Laurence Alison

Professor of Forensic & Investigative Psychology


Laurence Alison has an international track record of publishing on the subject of high stakes decision making, investigative profiling and investigative interviewing. His core area of interest is social cognition and the processes by which individuals make sense of uncertain, high risk, ambiguous, complex or contradictory information, with special reference to decision inertia, anticipatory thinking and the use of simulated environments and debriefing tools to train practitioners to overcome decision inertia and to increase the efficacy of multi agency communication. He graduated from Liverpool University with a PhD in 1998, was a lecturer in Forensic Psychology at the University of Liverpool until 2000 when he was appointed as a Senior Lecturer at University of Birmingham and returned to Liverpool and appointed as Chair of Forensic and Investigative Psychology in 2004. He works within the Psychology, Society and Health Institute, where he also serves as one of 5 Security and Conflict Champions and as one of the members of the recently formed Risk Institute. Emerging, cross faculty work includes an examination of  the cognitive workload involved in retargeting mid range air to ground missiles (with Dr Ralph, engineering); the threat of CBRN weapons and their impact on decision making with Prof Gosden (Division of Pathology) mechanisms to communicate risk (with Prof Beer, engineering), argument structures in risk/threat decisions (Dr Grasso, Computer Science). He is currently also involved in a project examining decision making and interviewing with high value detainees and is about to assist Kent Police Authority in the national roll out (Spring, 2012) of a risk prioritization tool for internet sex offenders developed by University of Liverpool and Kent Police.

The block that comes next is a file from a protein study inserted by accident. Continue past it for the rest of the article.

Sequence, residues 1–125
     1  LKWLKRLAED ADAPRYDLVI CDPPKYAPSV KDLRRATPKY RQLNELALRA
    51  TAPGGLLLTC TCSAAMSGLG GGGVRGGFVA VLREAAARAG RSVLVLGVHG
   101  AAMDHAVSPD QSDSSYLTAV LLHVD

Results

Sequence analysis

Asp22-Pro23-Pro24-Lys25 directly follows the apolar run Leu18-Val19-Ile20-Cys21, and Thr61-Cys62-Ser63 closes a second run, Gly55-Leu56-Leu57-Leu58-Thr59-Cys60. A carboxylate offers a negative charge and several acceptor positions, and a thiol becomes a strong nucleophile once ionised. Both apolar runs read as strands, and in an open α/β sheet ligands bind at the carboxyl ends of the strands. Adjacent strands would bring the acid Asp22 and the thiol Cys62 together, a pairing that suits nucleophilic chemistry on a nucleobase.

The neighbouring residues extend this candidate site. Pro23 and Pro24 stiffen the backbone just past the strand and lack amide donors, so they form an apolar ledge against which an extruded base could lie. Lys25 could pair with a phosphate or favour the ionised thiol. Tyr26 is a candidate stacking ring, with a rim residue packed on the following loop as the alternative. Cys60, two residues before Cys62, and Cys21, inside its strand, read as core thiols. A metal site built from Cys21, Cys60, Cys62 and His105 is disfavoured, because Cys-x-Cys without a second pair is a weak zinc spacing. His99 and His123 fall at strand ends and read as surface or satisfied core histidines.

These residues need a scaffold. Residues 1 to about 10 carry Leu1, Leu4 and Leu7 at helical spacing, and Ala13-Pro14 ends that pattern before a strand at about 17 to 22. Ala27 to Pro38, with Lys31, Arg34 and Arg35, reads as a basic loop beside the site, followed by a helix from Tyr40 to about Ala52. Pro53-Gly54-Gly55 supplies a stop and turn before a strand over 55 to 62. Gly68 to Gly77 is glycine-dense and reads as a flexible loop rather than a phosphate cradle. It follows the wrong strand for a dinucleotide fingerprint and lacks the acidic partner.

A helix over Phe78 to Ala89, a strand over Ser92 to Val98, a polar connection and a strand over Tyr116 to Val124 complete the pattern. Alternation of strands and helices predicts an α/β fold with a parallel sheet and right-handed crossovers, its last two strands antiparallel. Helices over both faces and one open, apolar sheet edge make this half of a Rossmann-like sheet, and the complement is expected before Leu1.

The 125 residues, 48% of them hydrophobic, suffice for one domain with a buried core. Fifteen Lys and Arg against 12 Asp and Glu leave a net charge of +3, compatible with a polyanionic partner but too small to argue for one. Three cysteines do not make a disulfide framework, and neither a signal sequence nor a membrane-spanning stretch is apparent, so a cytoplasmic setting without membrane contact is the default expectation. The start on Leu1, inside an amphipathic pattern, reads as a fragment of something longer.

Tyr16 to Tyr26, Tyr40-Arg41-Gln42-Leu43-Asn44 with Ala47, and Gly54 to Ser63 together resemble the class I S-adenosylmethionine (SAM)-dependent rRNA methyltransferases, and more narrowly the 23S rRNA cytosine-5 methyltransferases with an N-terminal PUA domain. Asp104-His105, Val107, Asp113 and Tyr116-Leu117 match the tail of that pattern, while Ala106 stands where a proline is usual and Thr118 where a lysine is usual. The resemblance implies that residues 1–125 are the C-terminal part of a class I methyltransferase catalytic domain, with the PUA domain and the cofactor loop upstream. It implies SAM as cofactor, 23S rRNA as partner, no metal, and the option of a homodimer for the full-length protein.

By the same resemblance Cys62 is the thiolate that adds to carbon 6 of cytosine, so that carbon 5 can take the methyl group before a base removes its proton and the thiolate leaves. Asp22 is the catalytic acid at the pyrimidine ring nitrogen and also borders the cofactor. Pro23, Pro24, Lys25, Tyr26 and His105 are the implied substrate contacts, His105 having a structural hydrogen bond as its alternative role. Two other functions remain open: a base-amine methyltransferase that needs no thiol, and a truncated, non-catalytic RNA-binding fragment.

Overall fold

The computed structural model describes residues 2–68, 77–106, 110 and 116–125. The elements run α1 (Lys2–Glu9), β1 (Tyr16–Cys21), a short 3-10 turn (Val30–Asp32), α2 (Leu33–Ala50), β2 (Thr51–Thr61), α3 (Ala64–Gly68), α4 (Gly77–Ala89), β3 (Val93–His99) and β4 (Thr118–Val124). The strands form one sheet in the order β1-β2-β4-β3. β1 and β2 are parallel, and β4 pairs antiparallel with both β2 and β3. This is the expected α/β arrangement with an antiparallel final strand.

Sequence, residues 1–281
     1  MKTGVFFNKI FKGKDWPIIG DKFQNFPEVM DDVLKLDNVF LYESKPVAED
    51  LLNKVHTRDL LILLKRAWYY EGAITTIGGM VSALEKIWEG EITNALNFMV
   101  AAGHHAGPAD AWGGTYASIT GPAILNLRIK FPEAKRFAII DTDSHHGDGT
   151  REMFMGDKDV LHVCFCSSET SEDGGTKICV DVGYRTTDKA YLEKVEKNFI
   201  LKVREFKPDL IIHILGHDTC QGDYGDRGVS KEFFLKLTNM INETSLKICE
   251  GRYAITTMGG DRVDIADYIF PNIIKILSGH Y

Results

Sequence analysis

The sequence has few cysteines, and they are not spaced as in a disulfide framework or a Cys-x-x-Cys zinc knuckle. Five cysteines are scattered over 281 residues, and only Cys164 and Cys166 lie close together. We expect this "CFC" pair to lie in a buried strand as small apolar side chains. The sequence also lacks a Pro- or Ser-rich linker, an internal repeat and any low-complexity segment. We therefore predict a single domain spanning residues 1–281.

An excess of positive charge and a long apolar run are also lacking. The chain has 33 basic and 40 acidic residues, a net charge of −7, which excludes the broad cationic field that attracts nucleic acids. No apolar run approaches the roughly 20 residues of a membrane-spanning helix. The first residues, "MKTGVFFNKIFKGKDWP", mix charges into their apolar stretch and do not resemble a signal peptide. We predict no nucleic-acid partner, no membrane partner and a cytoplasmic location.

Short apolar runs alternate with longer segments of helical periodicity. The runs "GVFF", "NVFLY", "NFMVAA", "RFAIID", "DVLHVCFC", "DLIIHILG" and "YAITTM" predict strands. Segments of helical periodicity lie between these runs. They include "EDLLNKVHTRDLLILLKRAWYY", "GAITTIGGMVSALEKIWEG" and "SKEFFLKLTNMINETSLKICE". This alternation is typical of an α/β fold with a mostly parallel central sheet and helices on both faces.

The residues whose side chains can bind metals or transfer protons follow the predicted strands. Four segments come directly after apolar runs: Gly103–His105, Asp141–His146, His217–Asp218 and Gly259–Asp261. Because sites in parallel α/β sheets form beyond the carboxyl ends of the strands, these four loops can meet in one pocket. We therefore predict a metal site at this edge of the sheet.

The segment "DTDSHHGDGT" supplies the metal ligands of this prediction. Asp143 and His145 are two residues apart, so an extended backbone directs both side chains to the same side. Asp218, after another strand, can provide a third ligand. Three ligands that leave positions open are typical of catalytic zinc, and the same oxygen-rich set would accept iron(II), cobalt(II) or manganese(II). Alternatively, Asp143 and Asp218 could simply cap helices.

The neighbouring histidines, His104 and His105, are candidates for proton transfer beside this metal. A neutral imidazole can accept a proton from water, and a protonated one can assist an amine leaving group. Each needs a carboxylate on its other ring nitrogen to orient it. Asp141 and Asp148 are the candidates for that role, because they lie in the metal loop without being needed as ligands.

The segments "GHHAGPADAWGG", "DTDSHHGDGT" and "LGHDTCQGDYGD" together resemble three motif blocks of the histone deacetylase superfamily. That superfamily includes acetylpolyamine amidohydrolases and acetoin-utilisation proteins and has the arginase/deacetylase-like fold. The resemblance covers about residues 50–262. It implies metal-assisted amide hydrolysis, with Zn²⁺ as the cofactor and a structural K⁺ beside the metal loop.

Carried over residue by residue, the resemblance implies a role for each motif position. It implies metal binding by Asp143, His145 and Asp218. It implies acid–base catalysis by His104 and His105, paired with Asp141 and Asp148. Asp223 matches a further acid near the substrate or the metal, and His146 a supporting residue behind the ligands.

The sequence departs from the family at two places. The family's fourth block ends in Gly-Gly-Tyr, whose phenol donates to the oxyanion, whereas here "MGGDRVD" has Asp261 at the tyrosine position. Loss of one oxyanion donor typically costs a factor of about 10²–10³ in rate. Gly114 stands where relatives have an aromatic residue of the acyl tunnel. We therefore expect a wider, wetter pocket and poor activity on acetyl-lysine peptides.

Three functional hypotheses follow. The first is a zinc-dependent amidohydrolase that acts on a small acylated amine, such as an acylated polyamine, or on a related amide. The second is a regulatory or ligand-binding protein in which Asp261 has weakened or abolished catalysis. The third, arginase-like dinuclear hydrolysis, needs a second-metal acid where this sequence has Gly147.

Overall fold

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  • PhD Forensic & Investigative Psychology, 1998 (University of Liverpool)

  • MSc Forensic & Investigative Psychology (Distinction), 1994 (University of Surrey)

  • BSc Psychology (Distinction), 1993 (University College London)

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Professional Activities

Prof. Alison has worked on over 100 high profile cases for the police, law enforcement agencies and the courts in over 15 countries including Israel, the US, Canada, Australia, China, Japan, India and Singapore as well as all the Scandinavian countries and several countries in Europe. These include the defense case for Colin Stagg in the murder of Rachel Nickell, as well as advice for investigative interviewers in the £26 million Northern Bank Robbery; the Atherstone on Stour Fire Fighter Tragedy, The Millie Dowler Case Review, negotiations in the Edwin Dyer case in the Yemen and reports to advise on the use of covert human intelligence sources in relation to international extremist threats (including, for example, the case of the liquid bombers). He has also been the key psychological advisor and provided debriefing reports on the following cases: Operation Gamble (the attempted kidnapping of a British Muslim solider in West Midlands), The Sharm El Sheik bombings; hostage negotiations in Iraq (including Margaret Hassan and Ken Bigley), the response to the Boxing Day Tsunami, The murders of Holly Wells and Jessica Chapman, the 7/7 bombings, the Beijing Olympics and the poisoning of Alexander Litvinenko. He regularly provides an input to Senior Police, Fire and Health Teams (most frequently at strategic and tactical levels) on decision making. This includes Dorset Fire, Police National Centre for CBRN, ACPO Terrorism and Allied Matters and Tier 3 Advanced Suspect Interviewing.